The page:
Investment Institute
Viewpoint CIO

Central bank dominos

  • 04 February 2022 (7 min read)

They are all getting in on the act. Interest rates might even be going up in Europe as the domino effect from the Fed plays out. You never know, Japan might also start to ponder whether its endless monetary largesse is still appropriate. Markets are responding with higher market rates and yields, wider credit risk premiums and equity market de-rating. There is more to come in the short-term so brace yourselves. Financial assets are getting cheaper and while the Fed put has expired, central banks will ultimately be mindful of the downside to economic growth. Peak inflation and lower energy prices in the Spring might bring a more positive outlook for market returns.

Sick and tired

January was brutal in markets – even worse for those trying to go “dry”. Everything was down. I have tracked thirteen fixed income total return indices for the last ten years in support of one of our total return strategies. January was only the fifth month since 2012 that all of them had a negative return. There has not been two consecutive negative months for all thirteen indices – representing government and inflation-linked bonds, investment grade and high yield credit and emerging market fixed income. That might be good news and typically when it has happened, longer duration fixed income does well in the following month. But I am not so sure today. If January was about anticipating just how hawkish the US Federal Reserve was going to be, February seems to be about the European Central Bank and the Bank of England taking away their punch-bowls as well.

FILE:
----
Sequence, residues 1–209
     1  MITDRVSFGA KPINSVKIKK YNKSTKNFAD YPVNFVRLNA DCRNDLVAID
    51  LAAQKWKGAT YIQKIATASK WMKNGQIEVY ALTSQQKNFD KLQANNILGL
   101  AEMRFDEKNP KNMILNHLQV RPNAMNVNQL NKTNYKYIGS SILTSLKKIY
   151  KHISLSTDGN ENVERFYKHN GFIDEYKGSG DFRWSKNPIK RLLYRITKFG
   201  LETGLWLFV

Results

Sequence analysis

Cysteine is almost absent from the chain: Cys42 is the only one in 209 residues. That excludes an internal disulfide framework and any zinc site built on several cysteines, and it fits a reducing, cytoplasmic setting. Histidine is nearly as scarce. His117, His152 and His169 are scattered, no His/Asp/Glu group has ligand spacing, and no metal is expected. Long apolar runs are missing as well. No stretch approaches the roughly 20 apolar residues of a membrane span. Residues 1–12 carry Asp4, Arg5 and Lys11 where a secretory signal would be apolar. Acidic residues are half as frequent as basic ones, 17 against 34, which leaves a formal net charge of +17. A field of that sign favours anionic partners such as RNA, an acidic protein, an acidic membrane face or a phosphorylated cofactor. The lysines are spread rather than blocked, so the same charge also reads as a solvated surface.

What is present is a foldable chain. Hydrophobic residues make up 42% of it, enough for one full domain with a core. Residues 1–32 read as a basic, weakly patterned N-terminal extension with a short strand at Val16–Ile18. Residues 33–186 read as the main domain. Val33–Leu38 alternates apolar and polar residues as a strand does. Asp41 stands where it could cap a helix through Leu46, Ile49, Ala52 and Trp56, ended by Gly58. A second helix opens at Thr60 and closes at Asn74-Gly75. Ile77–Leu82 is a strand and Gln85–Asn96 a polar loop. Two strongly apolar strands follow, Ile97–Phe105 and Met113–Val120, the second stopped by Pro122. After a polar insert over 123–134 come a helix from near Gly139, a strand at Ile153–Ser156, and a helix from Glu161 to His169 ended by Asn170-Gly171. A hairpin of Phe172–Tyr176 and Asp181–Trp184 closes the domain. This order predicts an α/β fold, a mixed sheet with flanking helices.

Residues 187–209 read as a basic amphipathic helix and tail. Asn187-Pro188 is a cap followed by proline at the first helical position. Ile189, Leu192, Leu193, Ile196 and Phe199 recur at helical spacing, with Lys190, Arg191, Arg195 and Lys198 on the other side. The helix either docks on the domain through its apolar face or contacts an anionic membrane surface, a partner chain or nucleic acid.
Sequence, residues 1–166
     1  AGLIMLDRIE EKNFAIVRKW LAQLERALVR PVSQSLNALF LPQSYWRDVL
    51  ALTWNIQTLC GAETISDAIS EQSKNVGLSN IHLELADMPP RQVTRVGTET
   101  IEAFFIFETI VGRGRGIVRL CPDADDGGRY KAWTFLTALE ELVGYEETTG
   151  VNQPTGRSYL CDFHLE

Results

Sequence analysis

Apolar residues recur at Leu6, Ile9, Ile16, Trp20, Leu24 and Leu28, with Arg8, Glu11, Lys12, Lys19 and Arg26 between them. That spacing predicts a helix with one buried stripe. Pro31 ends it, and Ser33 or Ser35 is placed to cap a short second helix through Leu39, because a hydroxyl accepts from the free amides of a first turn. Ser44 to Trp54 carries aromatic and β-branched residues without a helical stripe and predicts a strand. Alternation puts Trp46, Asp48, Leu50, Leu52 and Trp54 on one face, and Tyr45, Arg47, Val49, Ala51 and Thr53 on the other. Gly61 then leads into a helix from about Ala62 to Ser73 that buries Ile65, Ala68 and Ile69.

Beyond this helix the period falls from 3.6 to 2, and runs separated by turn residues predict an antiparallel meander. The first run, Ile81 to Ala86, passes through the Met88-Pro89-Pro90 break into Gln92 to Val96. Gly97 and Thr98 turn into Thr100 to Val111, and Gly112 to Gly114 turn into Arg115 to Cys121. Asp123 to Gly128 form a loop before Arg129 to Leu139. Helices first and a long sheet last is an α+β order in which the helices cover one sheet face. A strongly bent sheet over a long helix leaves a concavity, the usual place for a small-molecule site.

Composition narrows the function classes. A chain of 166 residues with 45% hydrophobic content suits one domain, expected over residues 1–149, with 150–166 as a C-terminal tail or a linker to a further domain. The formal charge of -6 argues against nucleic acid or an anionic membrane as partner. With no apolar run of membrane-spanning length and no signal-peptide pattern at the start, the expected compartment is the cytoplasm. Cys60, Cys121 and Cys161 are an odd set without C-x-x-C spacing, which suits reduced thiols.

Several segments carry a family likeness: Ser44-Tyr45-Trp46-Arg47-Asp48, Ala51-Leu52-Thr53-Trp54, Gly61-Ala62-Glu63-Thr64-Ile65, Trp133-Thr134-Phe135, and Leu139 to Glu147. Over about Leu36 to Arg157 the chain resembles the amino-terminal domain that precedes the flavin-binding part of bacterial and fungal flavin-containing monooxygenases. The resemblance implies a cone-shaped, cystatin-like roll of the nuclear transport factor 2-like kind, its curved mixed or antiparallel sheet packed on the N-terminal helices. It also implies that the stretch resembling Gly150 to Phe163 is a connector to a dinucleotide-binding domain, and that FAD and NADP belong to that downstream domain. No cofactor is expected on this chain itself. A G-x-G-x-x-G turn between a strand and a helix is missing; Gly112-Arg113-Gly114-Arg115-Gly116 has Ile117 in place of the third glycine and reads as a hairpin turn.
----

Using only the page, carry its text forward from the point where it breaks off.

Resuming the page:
20% bingo

Meanwhile the equity market correction continues with the Nasdaq composite now 13.5% below its peak. There have been near-bear market corrections in emerging market equities and US small cap as well, while broader markets are down anywhere from 5.8% for the EuroStoxx market to 11.2% for the Nikkei. All of this is consistent with two things – stock markets tend to go through a period of de-rating when interest rates are going up and monetary tightening brings in greater uncertainty about what will happen to growth and earnings.    

Long-term view

The good news for investors is that throughout tightening cycles, returns tend to be positive. Equity markets have gone up during the period between the trough and the peak in the Fed Funds rate in every cycle since the early 1970s, except for in 1973-74 when the global economy was hit by the oil crisis. The dynamics are usually that ratings come down (valuation adjustment) but earnings recover through the cycle to allow total equity performance to be positive. Of course, not all cycles are the same. Typically the biggest drawdown relative to market levels at the time of the first hike come quite quickly – after all that is when central banks are at their most hawkish. However, when cycles are long and provoke an aggressive slowdown in economic growth prospects, equity market performance can weaken again. That was the case in 2015-2018 when the combination of higher US rates and trade concerns hit markets.